Pope Benedict XVI led the Angelus from the window of his Vatican chambers on this crisp, clear winter morning of the fourth Sunday of Advent in Rome. In his pre-Angelus address to thousands of pilgrims gathered in St. Peter's Square, he echoed the words of the prophet Micah in Sunday´s liturgy, inviting the world to look to Bethlehem for peace.
The Holy Father began his address by quoting Micah's prophesy from 1,000 years before Christ's birth, 'But you, Bethlehem-Ephrathah, too small to be among the clans of Judah, From you shall come forth for me one who is to be ruler in Israel; Whose origin is from of old, from ancient times.'
"So, there is a divine design that knows and explains the times and places of the coming of the Son of God into the world," said Benedict XVI of the prophesy.
"It's a design of peace ..." one that comes with the arrival of the Lord on Earth, he said.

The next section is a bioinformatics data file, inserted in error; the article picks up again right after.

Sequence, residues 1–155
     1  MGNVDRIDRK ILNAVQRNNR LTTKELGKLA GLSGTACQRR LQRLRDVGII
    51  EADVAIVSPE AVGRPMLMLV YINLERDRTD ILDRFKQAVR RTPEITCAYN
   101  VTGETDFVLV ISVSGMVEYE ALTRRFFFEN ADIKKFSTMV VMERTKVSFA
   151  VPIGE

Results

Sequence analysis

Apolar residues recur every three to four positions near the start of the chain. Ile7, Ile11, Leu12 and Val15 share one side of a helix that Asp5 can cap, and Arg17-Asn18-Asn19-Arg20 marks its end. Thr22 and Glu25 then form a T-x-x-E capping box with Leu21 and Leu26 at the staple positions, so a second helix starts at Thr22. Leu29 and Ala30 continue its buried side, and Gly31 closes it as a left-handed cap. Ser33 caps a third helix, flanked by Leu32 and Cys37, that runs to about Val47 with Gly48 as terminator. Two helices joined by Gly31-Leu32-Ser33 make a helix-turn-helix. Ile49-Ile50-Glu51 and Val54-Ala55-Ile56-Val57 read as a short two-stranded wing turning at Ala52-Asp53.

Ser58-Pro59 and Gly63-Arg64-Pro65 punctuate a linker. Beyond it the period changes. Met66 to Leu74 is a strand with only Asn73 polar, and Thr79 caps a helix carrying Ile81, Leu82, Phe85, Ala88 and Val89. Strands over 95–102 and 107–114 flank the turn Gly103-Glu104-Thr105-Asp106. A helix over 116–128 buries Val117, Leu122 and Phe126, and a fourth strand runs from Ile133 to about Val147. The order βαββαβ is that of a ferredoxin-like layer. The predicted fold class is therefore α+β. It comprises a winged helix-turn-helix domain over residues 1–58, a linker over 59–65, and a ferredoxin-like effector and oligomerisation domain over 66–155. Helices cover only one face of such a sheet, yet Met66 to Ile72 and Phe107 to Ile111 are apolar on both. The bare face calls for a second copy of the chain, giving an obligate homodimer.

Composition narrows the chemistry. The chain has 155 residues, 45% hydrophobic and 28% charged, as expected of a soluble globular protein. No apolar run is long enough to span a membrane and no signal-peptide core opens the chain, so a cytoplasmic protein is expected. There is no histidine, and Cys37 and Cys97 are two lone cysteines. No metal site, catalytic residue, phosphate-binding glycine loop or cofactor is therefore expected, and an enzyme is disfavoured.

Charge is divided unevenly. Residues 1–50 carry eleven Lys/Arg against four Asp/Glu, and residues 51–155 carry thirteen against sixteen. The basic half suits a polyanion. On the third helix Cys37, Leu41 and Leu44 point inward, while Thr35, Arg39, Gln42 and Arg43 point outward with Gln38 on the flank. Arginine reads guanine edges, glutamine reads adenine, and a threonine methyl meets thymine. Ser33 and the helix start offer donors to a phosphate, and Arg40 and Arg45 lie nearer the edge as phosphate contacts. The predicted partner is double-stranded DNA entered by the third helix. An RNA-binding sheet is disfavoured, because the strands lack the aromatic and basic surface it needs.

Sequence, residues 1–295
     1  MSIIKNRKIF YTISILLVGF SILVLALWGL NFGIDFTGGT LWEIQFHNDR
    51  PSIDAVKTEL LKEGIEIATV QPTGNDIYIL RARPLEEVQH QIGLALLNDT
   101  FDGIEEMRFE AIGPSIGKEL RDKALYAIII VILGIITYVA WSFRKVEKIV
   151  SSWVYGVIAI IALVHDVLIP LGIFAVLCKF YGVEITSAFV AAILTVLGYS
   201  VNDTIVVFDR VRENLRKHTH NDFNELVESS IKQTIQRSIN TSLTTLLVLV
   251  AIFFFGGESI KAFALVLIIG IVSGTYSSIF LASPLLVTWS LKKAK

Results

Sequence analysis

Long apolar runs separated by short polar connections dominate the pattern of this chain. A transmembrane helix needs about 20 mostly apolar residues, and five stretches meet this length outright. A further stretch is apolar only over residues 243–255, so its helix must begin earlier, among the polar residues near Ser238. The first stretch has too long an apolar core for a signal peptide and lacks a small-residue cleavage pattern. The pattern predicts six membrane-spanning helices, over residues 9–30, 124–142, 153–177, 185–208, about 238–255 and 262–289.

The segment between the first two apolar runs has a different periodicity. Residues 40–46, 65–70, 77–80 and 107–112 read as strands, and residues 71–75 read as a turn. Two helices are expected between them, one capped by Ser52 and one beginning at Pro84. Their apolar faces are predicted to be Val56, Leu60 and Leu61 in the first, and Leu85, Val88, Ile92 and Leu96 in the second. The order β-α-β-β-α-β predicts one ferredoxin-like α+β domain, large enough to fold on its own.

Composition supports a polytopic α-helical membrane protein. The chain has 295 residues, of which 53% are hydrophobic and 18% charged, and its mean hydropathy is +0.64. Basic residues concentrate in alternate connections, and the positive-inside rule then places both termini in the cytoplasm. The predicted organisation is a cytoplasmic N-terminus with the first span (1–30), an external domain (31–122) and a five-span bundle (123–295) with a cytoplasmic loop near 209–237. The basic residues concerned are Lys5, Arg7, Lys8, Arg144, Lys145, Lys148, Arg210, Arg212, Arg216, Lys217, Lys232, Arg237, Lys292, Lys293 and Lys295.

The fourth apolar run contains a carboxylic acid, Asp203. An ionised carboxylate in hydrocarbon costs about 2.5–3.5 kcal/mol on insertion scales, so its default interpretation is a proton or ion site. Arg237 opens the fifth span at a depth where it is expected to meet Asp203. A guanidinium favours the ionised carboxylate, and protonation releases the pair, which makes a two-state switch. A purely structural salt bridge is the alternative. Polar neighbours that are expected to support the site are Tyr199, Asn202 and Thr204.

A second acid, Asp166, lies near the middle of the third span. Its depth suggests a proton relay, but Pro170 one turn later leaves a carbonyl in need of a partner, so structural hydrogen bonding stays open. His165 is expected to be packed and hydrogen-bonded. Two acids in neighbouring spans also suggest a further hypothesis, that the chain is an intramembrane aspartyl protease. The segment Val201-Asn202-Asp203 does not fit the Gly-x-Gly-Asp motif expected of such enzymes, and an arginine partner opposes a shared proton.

"He himself will be the peace," adds Micah in his prophesy.
Benedict XVI said that Bethlehem is thus is a "city-symbol" of messianic peace, although, he lamented, "Unfortunately, in our days, that doesn't represent an achieved and stable peace, but one tiringly sought after and hoped for."
God doesn't give up, though, he continued, and so this year, as in all years, "he will renew in the Church the mystery of Christmas, prophesy of peace for every man and woman."
The Pontiff highlighted the power and timelessness of the message, saying, "Today, as in the time of Jesus, Christmas isn't a fable for children, but the answer from God to the drama of humanity in search of true peace."
"Even if we don't understand it fully, we trust ourselves to his wisdom and kindness. We seek, before all, the Kingdom of God, and Divine Providence will aid us."
Pope Benedict concluded with a "Merry Christmas to all!" that echoed through the pillars of the Square and was met with cheers from the crowd.